DOD’s European Command will decide exactly when and where the reservists go, and the Pentagon so far isn’t sharing details. “No units have been activated yet in accordance with this authority, so we won’t speculate on future activations until they are officially announced,” a Pentagon spokesperson told TMD.

But there’s no indication the deployment will involve sending troops into Ukraine. Instead, the reservists will be aiding Operation Atlantic Resolve—the Pentagon’s designation for military support to eastern NATO members, including training exercises in eastern Europe with local militaries. The operation began in 2014 under then-President Barack Obama, after Russia annexed Crimea, and expanded following Russia’s full invasion last year. “We’re deterring the Russians and reassuring our allies, particularly the Poles and the Baltic states, who are very nervous and really like having U.S. forces there,” Cancian tells TMD

The Biden administration has also adjusted Operation Atlantic Resolve’s official designation—from a “combatant command operation” to a “contingency operation.” According to the governing statute, the change in classification suggests the armed forces “may become involved in military actions, operations, or hostilities against an enemy of the United States or against an opposing military force.” The statute’s phrasing sounds dramatic, but Pentagon officials maintain the change is about logistics and accounting. “Designating Operation Atlantic Resolve as a contingency operation enhances the ability of the Department to track spending–including [troop] activations–directly associated with this operation,” a DOD spokesperson tells TMD. The change also makes additional equipment and resources available and entitles reservists serving the operation, and their families, to the same expanded benefits as active-duty troops—which would help reservists who may be called up in this batch or in potential future waves.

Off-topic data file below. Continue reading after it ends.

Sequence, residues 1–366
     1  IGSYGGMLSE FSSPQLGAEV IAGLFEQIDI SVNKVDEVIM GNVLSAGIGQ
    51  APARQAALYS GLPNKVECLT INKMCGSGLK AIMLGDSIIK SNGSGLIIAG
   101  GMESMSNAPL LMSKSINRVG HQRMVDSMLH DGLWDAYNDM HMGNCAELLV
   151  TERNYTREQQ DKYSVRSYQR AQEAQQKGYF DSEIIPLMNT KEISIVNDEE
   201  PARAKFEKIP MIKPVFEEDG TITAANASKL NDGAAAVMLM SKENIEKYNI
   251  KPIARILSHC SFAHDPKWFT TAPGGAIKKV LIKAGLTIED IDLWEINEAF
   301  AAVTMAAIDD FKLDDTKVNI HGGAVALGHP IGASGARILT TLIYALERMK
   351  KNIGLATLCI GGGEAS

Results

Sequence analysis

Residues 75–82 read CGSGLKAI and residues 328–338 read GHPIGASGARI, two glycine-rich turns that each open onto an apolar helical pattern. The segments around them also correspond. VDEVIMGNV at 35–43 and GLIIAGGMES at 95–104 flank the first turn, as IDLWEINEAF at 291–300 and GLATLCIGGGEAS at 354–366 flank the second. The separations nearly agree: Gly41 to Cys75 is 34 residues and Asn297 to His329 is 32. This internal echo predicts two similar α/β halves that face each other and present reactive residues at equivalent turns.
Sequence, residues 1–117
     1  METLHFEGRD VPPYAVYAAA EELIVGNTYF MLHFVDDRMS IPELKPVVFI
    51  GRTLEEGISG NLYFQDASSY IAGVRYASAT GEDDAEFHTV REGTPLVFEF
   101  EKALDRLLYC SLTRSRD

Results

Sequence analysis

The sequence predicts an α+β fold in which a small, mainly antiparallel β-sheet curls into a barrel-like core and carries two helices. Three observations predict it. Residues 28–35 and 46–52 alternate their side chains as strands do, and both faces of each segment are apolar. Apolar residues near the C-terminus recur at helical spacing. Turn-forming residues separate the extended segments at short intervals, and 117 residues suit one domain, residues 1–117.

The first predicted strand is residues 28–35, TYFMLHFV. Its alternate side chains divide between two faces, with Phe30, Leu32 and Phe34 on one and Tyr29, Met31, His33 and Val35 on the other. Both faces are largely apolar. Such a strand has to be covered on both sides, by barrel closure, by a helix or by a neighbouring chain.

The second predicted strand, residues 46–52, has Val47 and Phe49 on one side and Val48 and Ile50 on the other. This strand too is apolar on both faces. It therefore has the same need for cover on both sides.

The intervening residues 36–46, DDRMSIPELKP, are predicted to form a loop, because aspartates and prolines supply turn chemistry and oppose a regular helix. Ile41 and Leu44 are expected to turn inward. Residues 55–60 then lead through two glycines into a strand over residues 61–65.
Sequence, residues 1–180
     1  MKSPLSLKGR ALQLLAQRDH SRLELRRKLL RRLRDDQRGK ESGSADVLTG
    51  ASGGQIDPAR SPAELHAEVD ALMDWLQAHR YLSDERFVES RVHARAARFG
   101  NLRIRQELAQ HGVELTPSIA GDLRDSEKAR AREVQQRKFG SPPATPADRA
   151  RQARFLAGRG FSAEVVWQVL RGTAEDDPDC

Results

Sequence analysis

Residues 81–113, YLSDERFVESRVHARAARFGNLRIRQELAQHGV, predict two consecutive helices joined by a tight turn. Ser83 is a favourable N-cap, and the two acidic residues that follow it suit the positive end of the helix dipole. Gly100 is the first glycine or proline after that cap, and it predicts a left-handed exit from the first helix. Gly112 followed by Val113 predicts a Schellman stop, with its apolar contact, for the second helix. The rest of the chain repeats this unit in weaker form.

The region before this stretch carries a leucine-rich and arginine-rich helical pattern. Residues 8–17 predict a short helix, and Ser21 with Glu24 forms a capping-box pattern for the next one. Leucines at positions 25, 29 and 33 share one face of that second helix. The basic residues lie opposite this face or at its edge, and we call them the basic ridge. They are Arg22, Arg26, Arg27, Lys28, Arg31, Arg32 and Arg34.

National Security Council spokesman John Kirby specified these forces won’t be bringing more firepower to Eastern Europe. Instead, he said, the reserve troops will provide the logistical support needed to turn the U.S.’s temporary troop surge after Russia’s invasion into a long-haul U.S. presence in the region. “These are people that are specialists in things like administrative functions, logistics, supply, maybe medical, dental, those kinds of things,” Kirby told Fox News following the announcement. “The kind of enabling functions that you need to support and sustain a large troop presence for a long time.”

For now, that new wave of reservists is still waiting to know if they’re going to need to find a place for ol’ Fido to stay. “Having asked for the authority, I would expect [the Pentagon] to use it pretty soon,” Cancian tells TMD

Moving on from Wuhan

The United States stopped funding the Wuhan Institute of Virology (WIV) more than three years ago as the lab became the center of the debates about the origins of COVID-19. WIV was still officially eligible for future funding, but if any WIV scientists were holding out hope the U.S. would shrug and turn the research spigot back on, their hopes were dashed last week—the Department of Health and Human Services has moved to ban WIV from receiving U.S. cash altogether for at least a few more  years.

“There is risk that WIV not only previously violated, but is currently violating, and will continue to violate, protocols of the [National Institutes of Health] on biosafety,” HHS said in a memo, citing security and biosafety risks. “The immediate suspension of WIV is necessary to mitigate any potential public health risk.”

HHS suspended the lab from eligibility for funds as of July 17 and recommended a more permanent debarment. That step would prevent the WIV from receiving funding or support from any U.S. agency—and while a typical debarment period can last up to three years, WIV’s will reportedly last 10 years. WIV will have 30 days to respond to the decision.

WIV received $1.4 million from the NIH and the U.S. Agency for International Development between 2014 and 2020. Some of it was funneled through EcoHealth Alliance—a U.S.-based public health research organization that directed NIH funds to WIV through a subgrant begun in 2014 for research on “the risk of bat coronavirus emergence.” The debate is still raging over whether EcoHealth funds went to gain-of-function research—which imbues viruses with new, often more virulent, qualities—and whether this could be responsible for unleashing COVID-19 on the world.